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Master’s student blends overseas research, local outreach

Amanda TheilPassionate about plants and nearing graduation with a master’s in cultural anthropology, Amanda Thiel has traveled overseas for her research and educated elementary school children about botany.

Thiel went to rural Guatemala in the summer of 2016 to research ethnobotany, the study of how people use plants in their region. During her two-month stay, she interviewed Q’eqchi’ Maya villagers about the type of plants growing in their gardens, and used the information » More …

Distinguished sociology professor brings expertise in health disparities

Denney portrait, outsideWhen Justin Denney was still an aspiring, young sociologist, he strove to understand the dynamic forces that shape and perpetuate social inequality. Then, in graduate school, he came across the signal texts of renowned sociologist and Washington State University alumnus William Julius Wilson.

“Those classic works illuminated a central tenet and contribution of sociological inquiry that had eluded me to some degree,” Denney said. “It was an important moment for me and has influenced my career in a profound way.” » More …

2017 Wilson Award and Symposium

William Julius Wilson Symposium with Elijah AndersonWSU created the William Julius Wilson Award for the Advancement of Social Justice in 2009 to recognize individuals who promote social inclusiveness and diversity in social policies and strive to reduce joblessness. Wilson received his doctorate in sociology from WSU in 1966 and is widely considered one of the nation’s most influential sociologists. He is the Lewis P. and Linda L. Geyser University Professor at Harvard University.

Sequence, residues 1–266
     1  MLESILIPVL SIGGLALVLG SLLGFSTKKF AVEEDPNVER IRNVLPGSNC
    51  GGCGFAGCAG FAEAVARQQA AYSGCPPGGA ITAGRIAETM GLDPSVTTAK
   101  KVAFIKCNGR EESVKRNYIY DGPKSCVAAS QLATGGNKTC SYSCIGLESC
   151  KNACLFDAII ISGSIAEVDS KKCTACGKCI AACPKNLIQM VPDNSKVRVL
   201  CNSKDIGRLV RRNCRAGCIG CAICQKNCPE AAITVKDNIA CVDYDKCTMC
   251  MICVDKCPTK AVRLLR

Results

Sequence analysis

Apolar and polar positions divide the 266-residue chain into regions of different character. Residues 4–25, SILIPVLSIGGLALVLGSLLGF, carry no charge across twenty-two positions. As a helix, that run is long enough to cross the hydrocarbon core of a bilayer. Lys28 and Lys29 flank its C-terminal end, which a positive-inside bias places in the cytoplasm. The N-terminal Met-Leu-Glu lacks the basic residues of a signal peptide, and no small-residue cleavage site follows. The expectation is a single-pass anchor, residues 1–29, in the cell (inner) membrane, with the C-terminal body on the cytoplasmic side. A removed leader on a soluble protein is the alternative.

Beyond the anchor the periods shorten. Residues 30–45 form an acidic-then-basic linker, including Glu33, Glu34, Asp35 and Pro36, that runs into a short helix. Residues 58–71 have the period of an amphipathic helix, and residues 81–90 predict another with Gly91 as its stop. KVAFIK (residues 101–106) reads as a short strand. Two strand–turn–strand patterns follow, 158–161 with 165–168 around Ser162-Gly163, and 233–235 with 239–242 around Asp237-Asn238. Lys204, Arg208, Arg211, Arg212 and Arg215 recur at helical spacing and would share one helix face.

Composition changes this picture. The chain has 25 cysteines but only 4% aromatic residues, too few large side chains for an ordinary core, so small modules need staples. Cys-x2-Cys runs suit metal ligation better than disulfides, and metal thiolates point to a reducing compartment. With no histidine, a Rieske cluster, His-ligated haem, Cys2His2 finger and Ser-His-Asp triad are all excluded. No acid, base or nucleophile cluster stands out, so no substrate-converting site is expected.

The biennial award is presented during a symposium held on the Pullman campus. The 2017 recipient is Elijah Anderson, one of the nation’s leading urban ethnographers and the William K. Lanman Jr. professor of sociology at Yale University. » More …

China Town Hall to focus on state, local impact

China Town Hall“The annual CHINA Town Hall aims to help people nationwide understand the challenges and opportunities of what has been characterized as the most important bilateral relationship of the twenty-first century,” said Lydia Gerber, clinical associate professor of history and director of the WSU Asia Program, the local event sponsor.

As the top U.S. state exporter to China, Washington has an enormous stake in U.S.-China relations. From wheat to apples and Microsoft to Boeing, businesses and industries statewide are directly affected by America’s political and economic strategy regarding China. » More …

Sociology department newsletter, October 2017

Screen shot image of sociology newsletterFall is here—and WSU sociology has seen some exciting changes. We begin this issue with a letter from new department chair Monica Kirkpatrick Johnson. She shares her goals for the department, including implementation of a new strategic plan.

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Affordable Learning Grants save WSU students thousands